Examination for external signs of trauma helps differentiate traumatic versus nontraumatic causes of SAH. In the case of traumatic SAH, it is important to rule out other injuries that might require immediate treatment or that may complicate care (e.g., cervical spine injury, pneumothorax, tamponade, rupture of intraabdominal organs). A complete neurologic examination should also be performed.
Several clinical measurement scales have been used to estimate the severity and outcome of SAH. The Hunt and Hess grading scale, which is based on patients’ clinical condition, is the most widely used. It classifies severity and estimated risk of mortality after SAH ( Table 91-2 ).
|Grade||Clinical Examination||Mortality (%)|
|1||Mild headache |
Slight nuchal rigidity
|2||Moderate-to-severe headache |
Severe nuchal rigidity
Cranial nerve palsy
|3||Mild focal deficit |
Slight decerebrate rigidity
When the diagnosis of a SAH is confirmed, further work-up is required to identify the etiology. Traumatic causes usually have a clear history of injury or are associated with stigmata such as scalp trauma or skull fracture. Nontraumatic SAHs are most likely due to cerebral aneurysms (approximately 80%–90%). Of aneurysms, 90% are located in the anterior circulation ( Box 91-1 ), and 10% are located in the posterior circulation. Other causes include arteriovenous malformation, intracranial dissection with pseudoaneurysm rupture, endocarditis with mycotic aneurysm rupture, meningitis, encephalitis, cavernous malformations, and cerebral vasculopathies.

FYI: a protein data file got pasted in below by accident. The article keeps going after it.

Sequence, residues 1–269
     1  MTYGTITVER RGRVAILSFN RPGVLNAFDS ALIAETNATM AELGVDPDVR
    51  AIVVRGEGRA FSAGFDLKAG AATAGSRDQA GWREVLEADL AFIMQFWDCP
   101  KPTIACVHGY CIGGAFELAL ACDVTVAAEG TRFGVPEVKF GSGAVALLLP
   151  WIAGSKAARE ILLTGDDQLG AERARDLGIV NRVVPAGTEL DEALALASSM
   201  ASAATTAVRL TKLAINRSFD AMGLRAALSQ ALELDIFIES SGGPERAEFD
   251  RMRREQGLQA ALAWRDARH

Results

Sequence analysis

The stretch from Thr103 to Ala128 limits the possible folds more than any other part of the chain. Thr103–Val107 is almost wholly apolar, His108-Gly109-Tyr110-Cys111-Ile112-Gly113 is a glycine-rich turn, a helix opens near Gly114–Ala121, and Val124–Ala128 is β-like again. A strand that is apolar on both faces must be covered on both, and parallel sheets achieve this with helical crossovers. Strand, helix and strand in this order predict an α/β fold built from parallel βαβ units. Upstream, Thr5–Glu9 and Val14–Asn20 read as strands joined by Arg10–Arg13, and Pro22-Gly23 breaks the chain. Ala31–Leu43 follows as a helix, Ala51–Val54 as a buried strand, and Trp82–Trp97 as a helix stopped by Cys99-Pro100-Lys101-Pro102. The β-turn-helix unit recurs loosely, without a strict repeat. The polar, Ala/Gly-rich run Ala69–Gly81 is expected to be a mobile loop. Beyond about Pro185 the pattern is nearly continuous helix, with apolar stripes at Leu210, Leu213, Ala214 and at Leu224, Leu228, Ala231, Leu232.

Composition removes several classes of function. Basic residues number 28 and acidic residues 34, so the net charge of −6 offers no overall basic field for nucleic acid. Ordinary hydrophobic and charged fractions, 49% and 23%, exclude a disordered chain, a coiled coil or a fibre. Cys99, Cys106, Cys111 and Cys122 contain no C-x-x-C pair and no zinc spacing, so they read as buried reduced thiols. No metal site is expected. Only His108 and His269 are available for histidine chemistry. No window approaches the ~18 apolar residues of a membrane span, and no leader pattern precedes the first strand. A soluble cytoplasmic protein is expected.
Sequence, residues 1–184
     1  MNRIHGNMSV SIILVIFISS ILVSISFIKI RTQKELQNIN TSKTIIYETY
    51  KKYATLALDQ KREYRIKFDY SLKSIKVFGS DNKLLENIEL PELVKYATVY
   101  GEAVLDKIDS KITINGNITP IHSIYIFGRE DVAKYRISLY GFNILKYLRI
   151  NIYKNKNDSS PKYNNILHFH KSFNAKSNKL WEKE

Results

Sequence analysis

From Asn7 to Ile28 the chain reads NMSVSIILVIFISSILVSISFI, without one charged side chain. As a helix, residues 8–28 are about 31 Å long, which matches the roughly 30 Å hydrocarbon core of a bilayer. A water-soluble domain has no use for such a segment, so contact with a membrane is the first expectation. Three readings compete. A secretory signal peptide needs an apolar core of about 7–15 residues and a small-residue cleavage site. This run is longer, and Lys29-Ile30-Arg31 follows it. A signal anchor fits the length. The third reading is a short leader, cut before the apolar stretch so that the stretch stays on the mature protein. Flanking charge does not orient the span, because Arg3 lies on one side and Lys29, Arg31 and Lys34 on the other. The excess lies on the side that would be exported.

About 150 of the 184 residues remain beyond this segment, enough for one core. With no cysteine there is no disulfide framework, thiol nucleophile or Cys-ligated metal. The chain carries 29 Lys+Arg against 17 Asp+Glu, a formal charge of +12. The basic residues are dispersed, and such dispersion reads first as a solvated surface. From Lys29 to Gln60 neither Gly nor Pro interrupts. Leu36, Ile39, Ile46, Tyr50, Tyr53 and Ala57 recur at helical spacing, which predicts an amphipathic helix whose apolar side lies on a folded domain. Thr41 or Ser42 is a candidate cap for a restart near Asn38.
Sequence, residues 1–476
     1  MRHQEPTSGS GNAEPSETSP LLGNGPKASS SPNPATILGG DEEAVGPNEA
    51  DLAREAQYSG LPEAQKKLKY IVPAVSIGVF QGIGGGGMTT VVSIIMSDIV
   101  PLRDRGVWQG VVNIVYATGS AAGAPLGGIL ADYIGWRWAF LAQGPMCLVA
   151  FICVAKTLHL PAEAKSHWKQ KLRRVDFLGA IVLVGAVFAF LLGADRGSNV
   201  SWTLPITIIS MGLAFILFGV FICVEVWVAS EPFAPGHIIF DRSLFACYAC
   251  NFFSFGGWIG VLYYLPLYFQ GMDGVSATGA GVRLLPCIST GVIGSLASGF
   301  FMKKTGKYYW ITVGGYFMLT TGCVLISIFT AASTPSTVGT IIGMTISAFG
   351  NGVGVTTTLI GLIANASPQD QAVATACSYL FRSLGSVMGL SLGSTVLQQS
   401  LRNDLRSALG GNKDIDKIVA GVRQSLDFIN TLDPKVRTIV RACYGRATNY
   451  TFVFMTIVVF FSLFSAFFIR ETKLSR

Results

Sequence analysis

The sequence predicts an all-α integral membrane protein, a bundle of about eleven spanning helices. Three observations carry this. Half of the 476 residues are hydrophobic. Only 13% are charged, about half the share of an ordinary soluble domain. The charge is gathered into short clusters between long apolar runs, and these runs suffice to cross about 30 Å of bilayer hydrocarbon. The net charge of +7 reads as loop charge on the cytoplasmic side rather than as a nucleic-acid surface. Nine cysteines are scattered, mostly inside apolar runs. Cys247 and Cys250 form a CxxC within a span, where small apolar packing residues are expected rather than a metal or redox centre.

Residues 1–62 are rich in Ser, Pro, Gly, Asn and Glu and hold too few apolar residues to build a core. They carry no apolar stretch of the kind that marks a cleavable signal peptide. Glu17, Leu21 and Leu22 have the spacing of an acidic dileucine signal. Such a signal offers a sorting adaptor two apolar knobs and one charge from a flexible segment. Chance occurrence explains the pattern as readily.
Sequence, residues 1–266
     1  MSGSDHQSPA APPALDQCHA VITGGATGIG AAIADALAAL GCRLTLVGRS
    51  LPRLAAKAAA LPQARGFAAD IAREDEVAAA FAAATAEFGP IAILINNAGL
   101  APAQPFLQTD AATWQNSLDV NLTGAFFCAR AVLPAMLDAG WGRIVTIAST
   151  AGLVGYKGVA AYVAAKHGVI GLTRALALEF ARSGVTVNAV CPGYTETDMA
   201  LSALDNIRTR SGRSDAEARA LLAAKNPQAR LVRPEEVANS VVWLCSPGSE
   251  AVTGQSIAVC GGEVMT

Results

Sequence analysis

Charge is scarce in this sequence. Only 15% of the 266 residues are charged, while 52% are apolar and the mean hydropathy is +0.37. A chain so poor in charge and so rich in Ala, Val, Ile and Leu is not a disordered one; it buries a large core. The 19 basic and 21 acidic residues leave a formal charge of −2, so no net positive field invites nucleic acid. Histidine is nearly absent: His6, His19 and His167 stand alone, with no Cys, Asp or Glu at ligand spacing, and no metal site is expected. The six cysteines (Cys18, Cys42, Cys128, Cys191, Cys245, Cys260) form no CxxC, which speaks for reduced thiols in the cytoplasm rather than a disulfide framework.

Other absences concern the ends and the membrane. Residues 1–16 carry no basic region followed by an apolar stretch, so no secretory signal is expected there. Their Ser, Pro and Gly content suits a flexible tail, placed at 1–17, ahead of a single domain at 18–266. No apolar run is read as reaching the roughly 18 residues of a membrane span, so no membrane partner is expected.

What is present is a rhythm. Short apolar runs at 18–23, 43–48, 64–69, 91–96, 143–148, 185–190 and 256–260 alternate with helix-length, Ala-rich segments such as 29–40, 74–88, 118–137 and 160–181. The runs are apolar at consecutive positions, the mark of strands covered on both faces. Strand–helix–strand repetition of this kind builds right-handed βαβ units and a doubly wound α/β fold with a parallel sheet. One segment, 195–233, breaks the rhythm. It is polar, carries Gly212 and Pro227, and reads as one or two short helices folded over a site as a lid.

The cornerstone of treatment for SAH is securing the aneurysm to control bleeding and prevent rebleeding. Throughout the 1980s, open surgical clipping was the only treatment available. In the 1990s, endovascular coiling using platinum coils was introduced. Endovascular coiling excludes aneurysms from the circulation by filling the aneurysm with platinum coils, which results in clot formation, decreasing the potential for rebleeding.
There is still controversy at the present time regarding whether open surgical clipping or endovascular coiling is superior. The decision whether to coil or clip is determined on a patient-by-patient basis taking into account the size, shape, and location of each aneurysm, patient condition, and the experience of available physicians. The International Subarachnoid Aneurysm Trial (ISAT) showed a statistically significant improvement in disability and death at 1 year in patients who had endovascular coiling compared with surgical clipping (24% vs. 31%). At 7-year follow-up, the surgical cohort had significantly higher mortality and seizure rates. However, early rebleeding was higher in the endovascular group. Although endovascular coiling has become more common and widely available, preference among centers is largely related to the culture, familiarity, and comfort of the facility with either clipping or coiling. Some recommendations suggest that surgical clipping is preferable for aneurysms >10 mm or aneurysms with wide necks.